At first, the art of purchasing might be intimidating. There are numerous words to learn, and anybody interested in collecting art should spend some time learning them. Understanding the world of art prints, in particular, is important.
Buyers are attracted to fine art prints because of their growing quality and low cost. These artwork replicas are less costly while still being beautiful. Still, your fine art print can improve in value over time if you know what to look for them.
Unfortunately, some people mistakenly believe that they are purchasing an original painting and receive a print instead. It’s critical to understand the difference between a print and an original artwork to avoid misunderstanding. For removing the confusion, there is a distinction to be made between original paintings and original prints.
Difference Between Painting and Print
Here are the most undeviating differences between a print and a painting.
|Texture||A print is often flat with a dot matrix pattern, similar to that found in magazine or book pictures.||Brushstrokes in an original painting are textured. Original watercolor or gouache paintings are done usually on rough paper with a unique texture.|
|EdgesThe margins of a stretched canvas in an Original Painting are irregular and unevenly painted.||The edges of a print are usually crisp, even, and neat, and here is where the customer normally does not check.|
|Identification Marks/ Copyright||Under a bright light, an Original Painting may reveal pencil lines from the artist’s original sketch as well as alterations made by the artist throughout the painting process.||Many identifications and copyright marks are placed typically in tiny characters on a print.|
|Quality Over Time||This lasts for a short time as the ink may fade away over time.||A painting will last long due to its natural coating.|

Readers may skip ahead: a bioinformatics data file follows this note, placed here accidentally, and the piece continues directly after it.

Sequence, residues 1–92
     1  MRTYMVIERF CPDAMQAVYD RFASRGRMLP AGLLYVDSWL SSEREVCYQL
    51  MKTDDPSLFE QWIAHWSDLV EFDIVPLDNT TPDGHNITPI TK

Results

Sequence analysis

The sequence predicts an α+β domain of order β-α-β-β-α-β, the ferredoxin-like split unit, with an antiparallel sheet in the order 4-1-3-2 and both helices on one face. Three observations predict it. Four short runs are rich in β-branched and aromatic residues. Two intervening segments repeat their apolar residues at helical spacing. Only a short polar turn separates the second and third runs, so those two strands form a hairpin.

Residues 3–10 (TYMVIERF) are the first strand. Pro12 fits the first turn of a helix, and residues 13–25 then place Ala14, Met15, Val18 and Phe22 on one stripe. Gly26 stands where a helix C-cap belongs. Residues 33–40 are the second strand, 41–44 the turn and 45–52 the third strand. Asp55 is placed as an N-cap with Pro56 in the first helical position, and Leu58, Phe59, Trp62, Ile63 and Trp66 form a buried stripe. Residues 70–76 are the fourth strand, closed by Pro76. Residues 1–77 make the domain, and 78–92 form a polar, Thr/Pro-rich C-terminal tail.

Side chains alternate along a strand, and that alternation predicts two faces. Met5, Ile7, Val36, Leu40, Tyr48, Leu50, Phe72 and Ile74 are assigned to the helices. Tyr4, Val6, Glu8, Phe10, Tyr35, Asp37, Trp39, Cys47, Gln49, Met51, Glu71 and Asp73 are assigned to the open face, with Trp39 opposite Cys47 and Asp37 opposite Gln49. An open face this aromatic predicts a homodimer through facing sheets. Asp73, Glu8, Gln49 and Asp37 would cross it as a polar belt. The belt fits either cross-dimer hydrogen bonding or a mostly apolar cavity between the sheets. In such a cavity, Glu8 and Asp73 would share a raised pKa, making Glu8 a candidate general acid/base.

As new technologies for producing art prints have developed, distinguishing them from genuine items has become more challenging. These guidelines can help you distinguish a print from an original painting before you approach a museum curator, art collector, appraiser, or other art experts.
Other Important Terms
You could consider acquiring prints for yourself now that you understand the differences between art prints, original prints, and original paintings. However, you will come across a few additional phrases that are crucial to remember.
These phrases indicate the print’s worth in general. This is useful if you want your prints to hold their value or get appreciation over time. They can be just useful if you don’t want to resell and just want a great piece of art at the best price.
Limited Edition Prints are reproductions or originals with a limited number of copies available. The number of prints produced in the â€œeditionâ€ is thus â€œlimitedâ€. After that, the artist signs and numbers each print by hand (if it’s numbered “1/100,” it’s the first of 100 in the edition). As a result, we have the value of the print preserved. We will use the same highly polished method for each print in the collection.
Open Edition Prints are reproductions of original prints that are not limited in quantity, allowing the artist to produce as many as they like in the same edition. This implies that the customer will never know how many copies will be available in the future. That implies reduced pricing but at the risk of a lesser resale value.